Friday, 28 March 2014



 A showdown looms in the Zanzibar Government of National Unity, with two of its senior officials in the executive engaging in a war of words. Second Vice President Seif Ali Idd publicly attacked First Vice President Seif Shariff Hamad yesterday over a statement he made at a public rally at Kibandamaiti grounds in Zanzibar on Wednesday. Flanked by former CCM members-turned-critics Mansour Yusuf Himid and Hassan Nassor Moyo, Mr Hamad spoke of the constitution-making process and the future of the Union.The First Vice President, who doubles as the opposition CUF secretary general, said his party was not ready to discuss the two-government union structure and ordered his members to quit the assembly. But Mr Idd promptly responded that the CUF leader’s remarks were baseless and Zanzibaris should ignore them.“This is not the first time he is issuing such statements,” Mr Idd said at a press conference here. “Whatever he said cannot affect the government because he spoke in his capacity as the opposition party leader.”Mr Idd declared that whoever causes chaos that is likely to disrupt the peace and tranquility would be dealt with and urged Constituent Assembly (CA) members and Mainland residents who are from Zanzibar to continue with their business as usual.

The statement from the CUF leaders that Zanzibaris were not happy with the Union was not true, Mr Idd said, given that Mr Hamad had not collected the views of Zanzibaris on their feelings on the current structure. “Zanzibar has more than 1.3 million people,” he added. “The last time I checked, Mr Hamad had not met all these people to establish their stance.”At Kibandamaiti grounds on Wednesday, Mr Hamad told a mammoth rally that Zanzibaris were against a three-government union structure and supported a union of contract.  They were not ready to discuss the two-government structure that was touted by President Jakaya Kikwete in his CA inaugural speech on Friday, he added.But Mr Idd said Zanzibar residents were in favour of a two-government union structure and they had benefited more from the arrangement than their counterparts on the Mainland. “This Union has extended employment, business and investment opportunities,” he said. “I want to reiterate that the Union is here to stay and no one can disband it for personal gain.”   The Second Vice President further urged CA members to suspend the interests of their groups, practice tolerance, set aside their party affiliations and put national interests first.Mr Idd warned that there was a group plotting to bring to a standstill the process of writing the new constitution and called for consensus to rescue the process.v The 37 days that have already passed without debate of the second Draft Constitution had cost the tax payers money, he added, and members should now embark on the task of debating and adopting the draft.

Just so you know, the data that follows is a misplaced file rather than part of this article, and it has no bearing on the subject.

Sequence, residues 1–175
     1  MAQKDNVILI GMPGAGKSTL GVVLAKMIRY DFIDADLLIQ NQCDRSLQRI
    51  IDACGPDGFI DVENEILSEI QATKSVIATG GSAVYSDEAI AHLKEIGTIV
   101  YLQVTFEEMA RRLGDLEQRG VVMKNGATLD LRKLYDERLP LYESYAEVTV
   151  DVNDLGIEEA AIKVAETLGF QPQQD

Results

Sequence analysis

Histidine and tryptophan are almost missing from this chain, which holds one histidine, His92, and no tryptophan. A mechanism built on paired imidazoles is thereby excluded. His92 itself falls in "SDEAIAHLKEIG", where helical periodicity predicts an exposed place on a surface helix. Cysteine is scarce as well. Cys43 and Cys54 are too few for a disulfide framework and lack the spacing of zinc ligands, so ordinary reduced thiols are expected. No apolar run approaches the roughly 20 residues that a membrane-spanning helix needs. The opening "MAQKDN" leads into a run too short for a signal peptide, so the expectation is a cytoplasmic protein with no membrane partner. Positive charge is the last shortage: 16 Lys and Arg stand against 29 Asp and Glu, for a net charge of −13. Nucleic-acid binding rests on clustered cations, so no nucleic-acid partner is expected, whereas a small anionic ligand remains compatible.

People of Zanzibar are happy with their Constitution as it is, a minister in the Government of National Unity (GNU) has said, threatening that any attempt to amend it will not easily go down with Zanzibaris.